On a wintry day in London, tired from walking, we took refuge in the cavernous concrete halls of the Barbican where quite by surprise we dropped into a pool of optimism.
The Eames aesthetic continues to influence and reflect the kind of furniture and design we want to see and use and live with every day – nearly 70 years after their first prototypes went into production
The World of Charles and Ray Eames showcases the dynamic design duo’s experimental work on everything from leg splints during WW2 to entire homes and it was a treat to experience some of the infamous classics in the fiberglass flesh.But there’s much more to Ray and Charles Eames than affordable post war furniture. And it was this that inspired me.
Charles and Ray met at design school, got married and spent their lives in collective pursuit of their ideas for the greater good. This pursuit just happened to produce some of the most celebrated design pieces of the century; but fundamentally Charles and Ray shared a love of process and it was this that piqued my renewed admiration.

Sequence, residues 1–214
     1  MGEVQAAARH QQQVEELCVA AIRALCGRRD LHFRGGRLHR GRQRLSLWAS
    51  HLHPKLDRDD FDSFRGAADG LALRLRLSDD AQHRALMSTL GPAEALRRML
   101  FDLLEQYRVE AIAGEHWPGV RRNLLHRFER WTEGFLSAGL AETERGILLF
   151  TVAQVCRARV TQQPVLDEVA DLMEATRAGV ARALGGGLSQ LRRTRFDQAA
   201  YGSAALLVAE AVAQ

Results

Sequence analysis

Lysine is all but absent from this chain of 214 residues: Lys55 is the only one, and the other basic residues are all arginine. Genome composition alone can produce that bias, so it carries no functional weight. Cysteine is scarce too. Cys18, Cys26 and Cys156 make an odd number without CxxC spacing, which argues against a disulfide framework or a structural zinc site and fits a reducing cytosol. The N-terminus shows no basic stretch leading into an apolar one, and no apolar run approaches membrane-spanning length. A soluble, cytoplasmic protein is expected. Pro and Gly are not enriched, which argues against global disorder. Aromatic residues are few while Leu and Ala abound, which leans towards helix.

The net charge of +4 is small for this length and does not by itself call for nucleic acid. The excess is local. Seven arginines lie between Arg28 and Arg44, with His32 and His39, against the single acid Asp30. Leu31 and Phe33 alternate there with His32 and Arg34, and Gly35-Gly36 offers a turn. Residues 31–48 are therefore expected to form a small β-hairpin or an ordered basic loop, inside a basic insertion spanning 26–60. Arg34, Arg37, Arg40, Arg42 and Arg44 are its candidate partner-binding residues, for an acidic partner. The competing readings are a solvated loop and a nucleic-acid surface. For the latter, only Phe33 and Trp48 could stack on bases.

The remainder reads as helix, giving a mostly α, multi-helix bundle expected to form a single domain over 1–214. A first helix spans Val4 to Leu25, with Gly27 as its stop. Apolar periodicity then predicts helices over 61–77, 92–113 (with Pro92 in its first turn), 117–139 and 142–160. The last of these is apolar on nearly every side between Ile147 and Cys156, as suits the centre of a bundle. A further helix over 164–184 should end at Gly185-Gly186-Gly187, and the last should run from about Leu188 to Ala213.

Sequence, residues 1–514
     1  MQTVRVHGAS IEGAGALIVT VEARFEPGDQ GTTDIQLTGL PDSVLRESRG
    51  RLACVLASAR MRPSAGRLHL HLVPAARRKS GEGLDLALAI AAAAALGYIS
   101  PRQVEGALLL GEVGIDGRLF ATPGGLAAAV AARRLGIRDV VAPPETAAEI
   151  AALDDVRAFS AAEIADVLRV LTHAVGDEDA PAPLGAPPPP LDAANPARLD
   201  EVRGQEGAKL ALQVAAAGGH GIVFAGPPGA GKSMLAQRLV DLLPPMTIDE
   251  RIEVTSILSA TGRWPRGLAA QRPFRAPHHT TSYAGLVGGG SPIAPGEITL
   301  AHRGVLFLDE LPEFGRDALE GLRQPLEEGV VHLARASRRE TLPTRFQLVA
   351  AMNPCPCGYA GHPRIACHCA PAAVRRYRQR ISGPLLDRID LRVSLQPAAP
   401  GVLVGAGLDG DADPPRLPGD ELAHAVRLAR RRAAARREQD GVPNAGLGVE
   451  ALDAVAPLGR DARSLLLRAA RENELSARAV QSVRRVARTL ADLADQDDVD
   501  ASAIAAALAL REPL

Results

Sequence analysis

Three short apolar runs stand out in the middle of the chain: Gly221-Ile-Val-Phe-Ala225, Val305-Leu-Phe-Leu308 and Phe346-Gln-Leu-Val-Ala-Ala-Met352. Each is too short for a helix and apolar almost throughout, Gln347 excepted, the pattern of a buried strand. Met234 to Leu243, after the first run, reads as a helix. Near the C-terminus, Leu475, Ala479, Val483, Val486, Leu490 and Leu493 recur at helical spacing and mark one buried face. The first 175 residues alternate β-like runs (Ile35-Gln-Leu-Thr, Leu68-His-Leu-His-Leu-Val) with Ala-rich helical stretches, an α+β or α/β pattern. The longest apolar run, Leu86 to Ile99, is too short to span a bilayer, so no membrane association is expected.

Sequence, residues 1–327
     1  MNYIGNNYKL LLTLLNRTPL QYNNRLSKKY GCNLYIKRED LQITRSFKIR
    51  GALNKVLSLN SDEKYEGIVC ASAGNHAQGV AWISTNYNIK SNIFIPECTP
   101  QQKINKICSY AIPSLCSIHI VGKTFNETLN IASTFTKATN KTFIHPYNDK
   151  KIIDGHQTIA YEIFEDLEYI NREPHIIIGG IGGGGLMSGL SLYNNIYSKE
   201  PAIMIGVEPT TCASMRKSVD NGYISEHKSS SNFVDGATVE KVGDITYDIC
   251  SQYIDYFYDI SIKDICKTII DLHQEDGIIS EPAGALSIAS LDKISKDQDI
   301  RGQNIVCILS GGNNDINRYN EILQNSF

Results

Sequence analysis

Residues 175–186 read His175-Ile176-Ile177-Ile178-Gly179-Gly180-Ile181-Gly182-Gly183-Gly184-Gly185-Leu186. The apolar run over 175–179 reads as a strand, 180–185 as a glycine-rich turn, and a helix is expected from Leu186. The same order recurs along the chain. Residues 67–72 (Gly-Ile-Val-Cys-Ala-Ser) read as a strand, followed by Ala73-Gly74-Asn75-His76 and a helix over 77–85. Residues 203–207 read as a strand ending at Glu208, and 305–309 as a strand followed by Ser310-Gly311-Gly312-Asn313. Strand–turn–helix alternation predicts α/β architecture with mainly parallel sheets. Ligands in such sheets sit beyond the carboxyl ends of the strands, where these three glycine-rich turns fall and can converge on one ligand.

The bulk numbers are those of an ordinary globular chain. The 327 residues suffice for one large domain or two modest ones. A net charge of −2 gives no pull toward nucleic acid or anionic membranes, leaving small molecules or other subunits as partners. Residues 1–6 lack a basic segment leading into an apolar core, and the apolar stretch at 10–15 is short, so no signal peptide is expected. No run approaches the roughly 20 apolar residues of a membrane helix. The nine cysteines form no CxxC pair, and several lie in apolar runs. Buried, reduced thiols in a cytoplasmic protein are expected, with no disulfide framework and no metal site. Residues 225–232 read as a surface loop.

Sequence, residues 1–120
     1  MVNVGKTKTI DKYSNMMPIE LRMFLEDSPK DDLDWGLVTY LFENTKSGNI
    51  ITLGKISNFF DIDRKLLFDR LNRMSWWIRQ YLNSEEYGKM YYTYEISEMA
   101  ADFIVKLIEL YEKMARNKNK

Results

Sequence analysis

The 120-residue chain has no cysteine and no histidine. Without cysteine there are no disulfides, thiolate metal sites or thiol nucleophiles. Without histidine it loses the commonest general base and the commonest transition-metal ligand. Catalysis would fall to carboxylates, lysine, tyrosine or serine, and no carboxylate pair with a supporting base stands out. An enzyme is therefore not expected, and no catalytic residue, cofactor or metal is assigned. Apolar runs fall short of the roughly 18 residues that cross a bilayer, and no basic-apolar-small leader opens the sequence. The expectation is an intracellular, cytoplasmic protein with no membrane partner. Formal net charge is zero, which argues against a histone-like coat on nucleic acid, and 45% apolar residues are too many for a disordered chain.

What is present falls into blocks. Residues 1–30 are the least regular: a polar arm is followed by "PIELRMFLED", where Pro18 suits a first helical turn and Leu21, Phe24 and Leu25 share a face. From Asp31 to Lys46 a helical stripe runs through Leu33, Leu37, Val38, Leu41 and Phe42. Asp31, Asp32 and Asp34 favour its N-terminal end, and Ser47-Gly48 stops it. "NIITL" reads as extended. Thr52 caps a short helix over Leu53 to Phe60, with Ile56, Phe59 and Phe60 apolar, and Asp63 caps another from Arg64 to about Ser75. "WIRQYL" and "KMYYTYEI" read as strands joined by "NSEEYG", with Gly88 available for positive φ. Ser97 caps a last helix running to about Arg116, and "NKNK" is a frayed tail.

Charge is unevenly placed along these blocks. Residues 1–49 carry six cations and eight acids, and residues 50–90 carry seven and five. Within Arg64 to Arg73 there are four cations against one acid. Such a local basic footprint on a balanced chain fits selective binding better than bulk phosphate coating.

Their work wasn’t about a beautiful result, it was seeing the beauty in every single stage of production all the way back to the faint buzz and tingle of the initial idea.
They didn’t design to solve problems, they designed to explore aesthetic possibilities while always keeping a firm grip on function and practicality.
“Who ever said that pleasure wasn’t functional?” Charles Eames
And Charles and Ray knew how to have fun. They even made maths look fun.
It caught my eye that while Charles was photographed high on the rig shooting the picnic stage of the Power of 10, Ray can be seen photographing something completely unrelated out of view behind the back of the van in almost child like distraction.
Maybe I’ll look at taking my eyes OFF the prize more and instead take the time to find the pleasure in the process.
The World of Charles and Ray Eames is at the Barbican until Valentine’s Day
“Take your pleasure seriously.” Charles Eames